Higher Risk of Psychiatric Disorders in children looked after by local authorities
APRIL 02, 2007
Dr Tamsin Ford at the Institute and fellow researchers have had a new report focusing on children looked after by local authorities who have higher levels of psychiatric disorder, educational difficulties and neuro-developmental disorders than disadvantaged and non-disadvantaged children living in private households. The paper is published in the April issue of the British Journal of Psychiatry, and is the first nationally representative and random study of looked after children.
Ford and colleagues examined socio-demographic characteristics and psychological problems by type of placement of 1453 children looked after in England, Wales and Scotland by local authorities, and compared them with 10,428 deprived and non-deprived children living in private households.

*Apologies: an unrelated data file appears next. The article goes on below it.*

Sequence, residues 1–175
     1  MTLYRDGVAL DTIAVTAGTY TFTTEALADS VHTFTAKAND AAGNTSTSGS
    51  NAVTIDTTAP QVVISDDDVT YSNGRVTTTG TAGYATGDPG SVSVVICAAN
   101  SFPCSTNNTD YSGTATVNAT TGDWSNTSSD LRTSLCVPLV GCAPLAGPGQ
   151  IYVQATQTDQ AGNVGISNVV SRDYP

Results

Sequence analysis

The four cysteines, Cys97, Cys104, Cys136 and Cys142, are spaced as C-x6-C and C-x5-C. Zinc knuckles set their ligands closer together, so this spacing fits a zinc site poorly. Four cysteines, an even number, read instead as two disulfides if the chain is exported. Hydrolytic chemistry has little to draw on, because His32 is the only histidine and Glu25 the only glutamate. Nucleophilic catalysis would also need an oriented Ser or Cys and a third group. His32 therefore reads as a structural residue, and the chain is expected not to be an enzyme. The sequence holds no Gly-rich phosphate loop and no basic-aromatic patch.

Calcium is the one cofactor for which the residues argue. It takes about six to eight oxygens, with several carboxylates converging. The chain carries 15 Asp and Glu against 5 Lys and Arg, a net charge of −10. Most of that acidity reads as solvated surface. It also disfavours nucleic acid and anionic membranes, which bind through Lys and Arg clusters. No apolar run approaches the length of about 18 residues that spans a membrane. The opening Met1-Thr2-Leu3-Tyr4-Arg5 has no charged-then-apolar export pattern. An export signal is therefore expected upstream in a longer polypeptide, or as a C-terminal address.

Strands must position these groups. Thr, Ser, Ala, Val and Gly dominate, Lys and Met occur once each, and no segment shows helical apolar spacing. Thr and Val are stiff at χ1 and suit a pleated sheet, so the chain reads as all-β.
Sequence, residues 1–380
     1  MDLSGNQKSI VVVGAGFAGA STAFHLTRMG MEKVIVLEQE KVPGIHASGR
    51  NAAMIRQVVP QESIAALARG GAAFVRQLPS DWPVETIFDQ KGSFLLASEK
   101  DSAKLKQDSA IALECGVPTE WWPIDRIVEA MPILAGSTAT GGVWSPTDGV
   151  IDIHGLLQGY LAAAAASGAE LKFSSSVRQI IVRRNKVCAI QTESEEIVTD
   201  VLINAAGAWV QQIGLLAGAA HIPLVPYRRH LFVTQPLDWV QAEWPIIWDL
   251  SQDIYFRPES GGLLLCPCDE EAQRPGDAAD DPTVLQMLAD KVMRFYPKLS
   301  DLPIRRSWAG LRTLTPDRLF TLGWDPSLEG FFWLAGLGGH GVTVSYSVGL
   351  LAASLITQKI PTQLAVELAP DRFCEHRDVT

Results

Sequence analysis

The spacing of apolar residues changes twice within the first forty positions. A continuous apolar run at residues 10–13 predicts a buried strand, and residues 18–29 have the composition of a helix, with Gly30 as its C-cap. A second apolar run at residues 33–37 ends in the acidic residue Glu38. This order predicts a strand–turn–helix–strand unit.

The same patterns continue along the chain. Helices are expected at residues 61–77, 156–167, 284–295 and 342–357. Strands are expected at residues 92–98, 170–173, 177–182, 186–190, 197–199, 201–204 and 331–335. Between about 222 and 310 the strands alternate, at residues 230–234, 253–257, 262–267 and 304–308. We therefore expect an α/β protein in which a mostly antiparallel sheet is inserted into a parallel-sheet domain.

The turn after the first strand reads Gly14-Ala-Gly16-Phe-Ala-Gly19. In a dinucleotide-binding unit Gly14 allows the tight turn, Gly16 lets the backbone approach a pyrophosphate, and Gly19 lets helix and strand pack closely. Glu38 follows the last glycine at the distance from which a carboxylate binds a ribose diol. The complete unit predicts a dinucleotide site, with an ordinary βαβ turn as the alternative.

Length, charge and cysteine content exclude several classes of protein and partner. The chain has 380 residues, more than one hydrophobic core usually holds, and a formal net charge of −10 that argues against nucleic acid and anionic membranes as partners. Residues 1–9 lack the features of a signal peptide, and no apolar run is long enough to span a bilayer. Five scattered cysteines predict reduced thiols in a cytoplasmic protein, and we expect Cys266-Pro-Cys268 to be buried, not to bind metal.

Dr Tamsin Ford, Lead Researcher comments "Since psychological adjustment is more than the absence of a psychiatric disorder, it is important to note that even after excluding children with a psychiatric disorder, fewer than 1 in 10 children looked after by local authorities demonstrated particularly good psychological adjustment, compared with around 1 in 2 children living in private households. Our findings underline the need for services to ensure that the emotional and behavioural difficulties of children looked after by local authorities are understood by professionals working with these children."